The study results showed that the number of SARS-CoV-2 infections infected with the SARS-CoV-2 Delta variant continued to decline throughout the source of the study while the time-varying growth rates reduced from almost -0.01 per day to -0.09 per day by 16 January 2022. The growth rate subsequently increased to -0.04 per day by 31 January 2022. The team noted that the variations in the growth rate coincided with the beginning of the lockdown regulations on 19 December 2021 and their relaxation from 15 January 2022. Furthermore, the differences in the growth rates between the Omicron and Delta variants reduced over time.
When the growth rate differences were accounted for, the Delta and the Omicron variants were found to have comparable incubation-period distributions with an average of 4.1 days for the Delta variant and 4.2 days for the Omicron variant. Furthermore, the difference between the average forward and backward incubation periods was 7% and -22% bias for the Delta and Omicron variants, respectively.
In the case of within-household transmission pairs, the Omicron variant displayed a shorter average serial interval of 3.1 days as opposed to that of the Delta variant which had an interval of 3.7 days. Accounting for the growth rate variations revealed that the mean forward generation interval was 3.0 days for Omicron and 3.8 days for Delta. On the other hand, between-household transmission pairs showed that the Omicron variant had an average serial interval of 3.0 days while the Delta variant had an interval of 3.3 days.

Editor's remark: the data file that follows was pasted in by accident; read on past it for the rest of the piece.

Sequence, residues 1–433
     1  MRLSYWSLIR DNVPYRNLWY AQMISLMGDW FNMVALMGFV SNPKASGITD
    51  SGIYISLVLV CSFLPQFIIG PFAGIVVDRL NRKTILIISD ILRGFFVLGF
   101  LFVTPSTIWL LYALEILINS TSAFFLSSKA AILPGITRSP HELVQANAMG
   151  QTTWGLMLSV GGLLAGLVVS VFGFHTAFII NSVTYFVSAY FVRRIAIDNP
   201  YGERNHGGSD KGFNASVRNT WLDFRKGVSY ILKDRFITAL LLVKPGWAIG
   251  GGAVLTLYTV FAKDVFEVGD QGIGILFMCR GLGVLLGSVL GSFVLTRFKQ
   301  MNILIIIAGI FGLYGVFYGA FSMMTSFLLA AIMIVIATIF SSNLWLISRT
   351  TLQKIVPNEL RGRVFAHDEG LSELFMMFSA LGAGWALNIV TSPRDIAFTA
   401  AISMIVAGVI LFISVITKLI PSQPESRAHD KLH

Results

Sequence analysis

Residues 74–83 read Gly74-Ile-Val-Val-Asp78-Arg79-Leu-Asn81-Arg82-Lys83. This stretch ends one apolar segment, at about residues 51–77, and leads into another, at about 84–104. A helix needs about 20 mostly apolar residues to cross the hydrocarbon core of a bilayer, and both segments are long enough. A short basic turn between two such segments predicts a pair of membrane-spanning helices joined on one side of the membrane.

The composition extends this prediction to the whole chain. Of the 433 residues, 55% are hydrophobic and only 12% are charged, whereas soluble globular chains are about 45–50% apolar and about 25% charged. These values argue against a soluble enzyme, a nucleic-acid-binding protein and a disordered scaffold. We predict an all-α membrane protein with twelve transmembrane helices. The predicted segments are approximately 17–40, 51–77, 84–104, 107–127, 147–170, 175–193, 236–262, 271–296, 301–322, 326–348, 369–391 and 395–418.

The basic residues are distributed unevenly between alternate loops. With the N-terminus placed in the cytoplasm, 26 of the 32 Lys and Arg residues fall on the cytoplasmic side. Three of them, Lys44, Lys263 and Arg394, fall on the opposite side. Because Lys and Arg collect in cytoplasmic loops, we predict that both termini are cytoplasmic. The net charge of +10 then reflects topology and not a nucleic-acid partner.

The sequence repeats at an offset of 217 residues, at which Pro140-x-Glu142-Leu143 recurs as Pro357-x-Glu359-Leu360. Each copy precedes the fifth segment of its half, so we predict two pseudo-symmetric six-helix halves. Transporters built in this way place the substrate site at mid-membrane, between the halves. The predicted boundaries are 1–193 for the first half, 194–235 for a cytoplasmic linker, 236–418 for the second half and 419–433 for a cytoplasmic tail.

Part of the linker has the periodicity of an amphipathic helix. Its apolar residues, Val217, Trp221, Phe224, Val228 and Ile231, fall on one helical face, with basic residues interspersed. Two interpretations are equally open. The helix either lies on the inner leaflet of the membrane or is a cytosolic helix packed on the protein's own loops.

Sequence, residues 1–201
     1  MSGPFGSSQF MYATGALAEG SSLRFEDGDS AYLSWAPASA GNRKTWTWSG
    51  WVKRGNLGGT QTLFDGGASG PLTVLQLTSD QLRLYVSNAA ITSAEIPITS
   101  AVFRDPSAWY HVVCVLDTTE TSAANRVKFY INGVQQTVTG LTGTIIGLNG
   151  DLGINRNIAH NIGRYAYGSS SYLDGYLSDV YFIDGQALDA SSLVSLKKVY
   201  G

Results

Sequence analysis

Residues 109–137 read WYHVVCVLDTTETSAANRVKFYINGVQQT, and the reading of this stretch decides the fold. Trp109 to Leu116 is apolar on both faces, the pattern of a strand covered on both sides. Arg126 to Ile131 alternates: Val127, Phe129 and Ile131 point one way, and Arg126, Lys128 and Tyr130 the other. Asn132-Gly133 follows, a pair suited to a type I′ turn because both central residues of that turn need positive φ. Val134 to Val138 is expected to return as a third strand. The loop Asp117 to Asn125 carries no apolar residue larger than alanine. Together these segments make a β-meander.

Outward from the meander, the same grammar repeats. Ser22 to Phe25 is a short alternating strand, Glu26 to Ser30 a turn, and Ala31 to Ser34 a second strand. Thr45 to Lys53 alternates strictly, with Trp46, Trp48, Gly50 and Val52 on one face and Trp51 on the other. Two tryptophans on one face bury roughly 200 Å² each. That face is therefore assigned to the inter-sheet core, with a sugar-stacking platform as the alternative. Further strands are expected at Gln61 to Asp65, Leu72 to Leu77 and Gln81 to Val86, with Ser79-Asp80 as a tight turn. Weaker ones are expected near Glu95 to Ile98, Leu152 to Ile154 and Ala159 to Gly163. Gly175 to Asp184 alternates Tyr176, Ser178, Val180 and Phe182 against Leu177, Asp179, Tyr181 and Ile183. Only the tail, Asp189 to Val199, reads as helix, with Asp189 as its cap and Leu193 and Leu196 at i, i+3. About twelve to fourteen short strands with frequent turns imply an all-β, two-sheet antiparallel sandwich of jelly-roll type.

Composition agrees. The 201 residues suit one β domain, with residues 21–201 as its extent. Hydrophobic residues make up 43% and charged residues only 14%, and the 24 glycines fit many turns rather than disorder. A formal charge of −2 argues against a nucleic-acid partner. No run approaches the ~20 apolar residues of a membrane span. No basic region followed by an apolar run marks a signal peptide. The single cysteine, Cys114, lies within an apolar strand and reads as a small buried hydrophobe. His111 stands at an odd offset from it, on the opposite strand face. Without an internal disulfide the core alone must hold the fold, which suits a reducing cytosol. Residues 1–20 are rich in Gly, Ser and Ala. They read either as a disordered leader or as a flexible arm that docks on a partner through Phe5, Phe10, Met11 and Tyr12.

Overall, the study findings showed that the SARS-CoV-2 Omicron infections had similar incubation periods but shorter generation intervals than Delta infections. The researchers believe that surveilling the changes in the important epidemiological parameters related to SARS-CoV-2 evolution is essential in estimating its future dynamics.
medRxiv publishes preliminary scientific reports that are not peer-reviewed and, therefore, should not be regarded as conclusive, guide clinical practice/health-related behavior, or treated as established information.
- Sang Woo Park, Kaiyuan Sun, Sam Abbott, Ron Sender, Yinon M. Bar-On, Joshua S Weitz, Sebastian Funk, Bryan Grenfell, Jantien A. Backer, Jacco Wallinga, Cecile Viboud, Jonathan Dushoff. (2022). Inferring the differences in incubation-period and generation-interval distributions of the Delta and Omicron variants of SARS-CoV-2. medRxiv. doi: https://doi.org/10.1101/2022.07.02.22277186 https://www.medrxiv.org/content/10.1101/2022.07.02.22277186v1
Posted in: Medical Science News | Medical Research News | Disease/Infection News
Tags: Coronavirus, Coronavirus Disease COVID-19, covid-19, Evolution, Gene, Omicron, Respiratory, SARS, SARS-CoV-2, Severe Acute Respiratory, Severe Acute Respiratory Syndrome, Syndrome
Bhavana Kunkalikar is a medical writer based in Goa, India. Her academic background is in Pharmaceutical sciences and she holds a Bachelor's degree in Pharmacy. Her educational background allowed her to foster an interest in anatomical and physiological sciences. Her college project work based on ‘The manifestations and causes of sickle cell anemia’ formed the stepping stone to a life-long fascination with human pathophysiology.